Where In the World Do Trade Books Fit?
I was speaking to teachers in Glendale, CA the other day when one of them asked if I had ever written secondary materials for textbooks. I haven’t, indeed I have only the most shadowy sense of what such materials are. And yet it seems that they are precisely what trade books should be. It is just a fact, a reality, of K-12 public school education that the extremely large textbook publishers dominate instruction. They have such good contacts with the school systems, on both the approval-administrative level and the meeting-the-needs-of-teachers ground level, that they cannot be moved. They may gain or lose market share to each other, but no outsider will dent their hold. But if their dominance is a given, then they are also a distribution channel. The question then is how to develop materials that are author-driven, that have voice and individuality, but which fit well with textbooks.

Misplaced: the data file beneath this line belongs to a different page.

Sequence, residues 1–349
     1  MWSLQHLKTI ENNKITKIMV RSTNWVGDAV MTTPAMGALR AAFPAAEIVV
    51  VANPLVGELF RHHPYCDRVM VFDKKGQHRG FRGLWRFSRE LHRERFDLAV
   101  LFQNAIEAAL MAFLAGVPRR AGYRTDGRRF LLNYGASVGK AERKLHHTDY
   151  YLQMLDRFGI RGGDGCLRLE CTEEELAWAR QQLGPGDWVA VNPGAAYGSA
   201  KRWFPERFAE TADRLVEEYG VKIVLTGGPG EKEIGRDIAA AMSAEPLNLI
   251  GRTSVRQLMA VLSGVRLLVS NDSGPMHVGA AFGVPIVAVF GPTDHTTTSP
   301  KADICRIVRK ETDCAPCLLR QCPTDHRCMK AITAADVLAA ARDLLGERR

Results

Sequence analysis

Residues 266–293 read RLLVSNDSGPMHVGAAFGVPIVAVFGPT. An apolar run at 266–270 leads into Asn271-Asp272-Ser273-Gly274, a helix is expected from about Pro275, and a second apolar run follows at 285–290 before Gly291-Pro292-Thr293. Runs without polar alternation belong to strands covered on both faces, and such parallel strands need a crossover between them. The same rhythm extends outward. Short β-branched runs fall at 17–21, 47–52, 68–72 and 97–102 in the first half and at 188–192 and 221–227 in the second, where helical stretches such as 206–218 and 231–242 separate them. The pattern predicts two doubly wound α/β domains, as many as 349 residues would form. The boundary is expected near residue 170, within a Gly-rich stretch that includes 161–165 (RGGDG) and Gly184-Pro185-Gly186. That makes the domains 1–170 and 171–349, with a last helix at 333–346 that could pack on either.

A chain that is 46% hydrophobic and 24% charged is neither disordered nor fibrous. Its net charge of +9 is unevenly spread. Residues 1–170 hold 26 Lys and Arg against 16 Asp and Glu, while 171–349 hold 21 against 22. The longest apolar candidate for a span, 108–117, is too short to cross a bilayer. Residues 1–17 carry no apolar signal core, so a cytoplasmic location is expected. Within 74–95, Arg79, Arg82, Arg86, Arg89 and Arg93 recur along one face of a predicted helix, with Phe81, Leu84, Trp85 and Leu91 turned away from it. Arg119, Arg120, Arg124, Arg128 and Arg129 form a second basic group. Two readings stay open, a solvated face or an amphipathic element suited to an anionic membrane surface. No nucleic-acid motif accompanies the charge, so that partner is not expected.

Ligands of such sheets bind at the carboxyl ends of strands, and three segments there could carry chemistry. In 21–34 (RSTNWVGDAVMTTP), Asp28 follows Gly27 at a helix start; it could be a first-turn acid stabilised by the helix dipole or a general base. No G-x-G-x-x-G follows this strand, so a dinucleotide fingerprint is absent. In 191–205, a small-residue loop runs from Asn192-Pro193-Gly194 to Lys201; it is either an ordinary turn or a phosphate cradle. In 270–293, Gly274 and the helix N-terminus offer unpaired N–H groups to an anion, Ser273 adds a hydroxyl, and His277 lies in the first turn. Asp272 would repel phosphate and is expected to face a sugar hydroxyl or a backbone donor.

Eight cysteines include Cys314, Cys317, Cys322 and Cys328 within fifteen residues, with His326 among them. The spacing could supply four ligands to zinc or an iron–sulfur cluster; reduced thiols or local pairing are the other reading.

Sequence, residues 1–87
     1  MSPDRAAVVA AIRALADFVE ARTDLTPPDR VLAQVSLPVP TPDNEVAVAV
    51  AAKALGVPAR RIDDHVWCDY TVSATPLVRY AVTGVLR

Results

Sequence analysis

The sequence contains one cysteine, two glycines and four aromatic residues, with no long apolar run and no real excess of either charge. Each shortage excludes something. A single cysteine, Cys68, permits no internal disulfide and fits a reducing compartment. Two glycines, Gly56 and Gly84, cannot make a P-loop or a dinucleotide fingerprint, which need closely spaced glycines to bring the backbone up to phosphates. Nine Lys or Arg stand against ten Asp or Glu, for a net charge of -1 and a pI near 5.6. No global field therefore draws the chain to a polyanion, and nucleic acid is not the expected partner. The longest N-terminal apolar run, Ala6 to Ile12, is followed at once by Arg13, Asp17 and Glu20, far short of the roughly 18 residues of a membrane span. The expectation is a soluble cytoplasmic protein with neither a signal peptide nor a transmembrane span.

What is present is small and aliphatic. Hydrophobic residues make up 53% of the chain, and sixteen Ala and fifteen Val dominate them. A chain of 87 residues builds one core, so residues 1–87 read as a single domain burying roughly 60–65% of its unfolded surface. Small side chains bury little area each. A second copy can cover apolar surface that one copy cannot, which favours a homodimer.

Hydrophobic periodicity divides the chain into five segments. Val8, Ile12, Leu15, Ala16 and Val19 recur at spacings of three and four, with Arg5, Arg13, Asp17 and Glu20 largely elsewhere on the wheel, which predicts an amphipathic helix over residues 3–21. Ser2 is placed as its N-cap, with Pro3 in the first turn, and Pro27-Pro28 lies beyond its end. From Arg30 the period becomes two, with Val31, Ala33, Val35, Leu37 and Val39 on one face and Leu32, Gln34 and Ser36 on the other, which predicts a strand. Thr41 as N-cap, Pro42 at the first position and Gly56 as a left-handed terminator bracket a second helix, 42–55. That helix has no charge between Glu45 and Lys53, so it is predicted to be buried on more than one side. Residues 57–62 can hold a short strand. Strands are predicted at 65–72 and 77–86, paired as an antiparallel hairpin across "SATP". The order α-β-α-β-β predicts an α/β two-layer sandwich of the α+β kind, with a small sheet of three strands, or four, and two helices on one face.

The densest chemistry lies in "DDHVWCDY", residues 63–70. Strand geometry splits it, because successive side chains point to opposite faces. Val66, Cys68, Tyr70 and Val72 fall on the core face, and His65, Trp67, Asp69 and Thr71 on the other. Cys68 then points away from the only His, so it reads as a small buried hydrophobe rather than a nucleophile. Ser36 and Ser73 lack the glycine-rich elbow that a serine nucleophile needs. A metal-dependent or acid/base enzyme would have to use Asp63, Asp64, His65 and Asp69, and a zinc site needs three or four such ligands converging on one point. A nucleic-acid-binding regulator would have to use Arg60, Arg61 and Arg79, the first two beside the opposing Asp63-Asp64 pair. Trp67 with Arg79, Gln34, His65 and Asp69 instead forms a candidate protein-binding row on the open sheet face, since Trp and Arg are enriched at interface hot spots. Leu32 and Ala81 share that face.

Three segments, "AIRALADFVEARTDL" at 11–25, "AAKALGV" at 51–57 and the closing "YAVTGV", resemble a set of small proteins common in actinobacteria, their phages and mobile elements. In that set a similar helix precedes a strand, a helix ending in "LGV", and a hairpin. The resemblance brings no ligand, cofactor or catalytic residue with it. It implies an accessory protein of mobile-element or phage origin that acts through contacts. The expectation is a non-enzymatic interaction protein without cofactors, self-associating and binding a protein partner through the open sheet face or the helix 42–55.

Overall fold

I mention this because we in trade books work in an industry that is aimed at the library and the store. Our forays into the classroom are tentative at best, and rely on the kindness of strangers. We have no direct means of entry. And yet so many of the books we write link to curricular topics (in fact editors always ask precisely that), and often we as authors, editors, designers think our books combine passing on information with engaging writing — which, it would seem, is precisely what a teacher would want in a classroom. Sure there are tools like SLJ’s own Curriculum Connections, and Booklist’s Booklinks that aim to bring the two world together. But I have to think the textbook houses have a more direct feed.
Back in the whole language days, publishers bundled up paperback picturebooks to support reading instruction. Shouldn’t there be a way to bundle up trade nonfiction for upper elementary, middle grade, even YA so that students have a chance to read something that engages them — while they march through the swamps, forests, and deserts of the textbook? To put it a different way — why are we laboring in the fields to create engaging nonfiction, while they are filling up schools with educational materials, and there is not the slightest communication between us?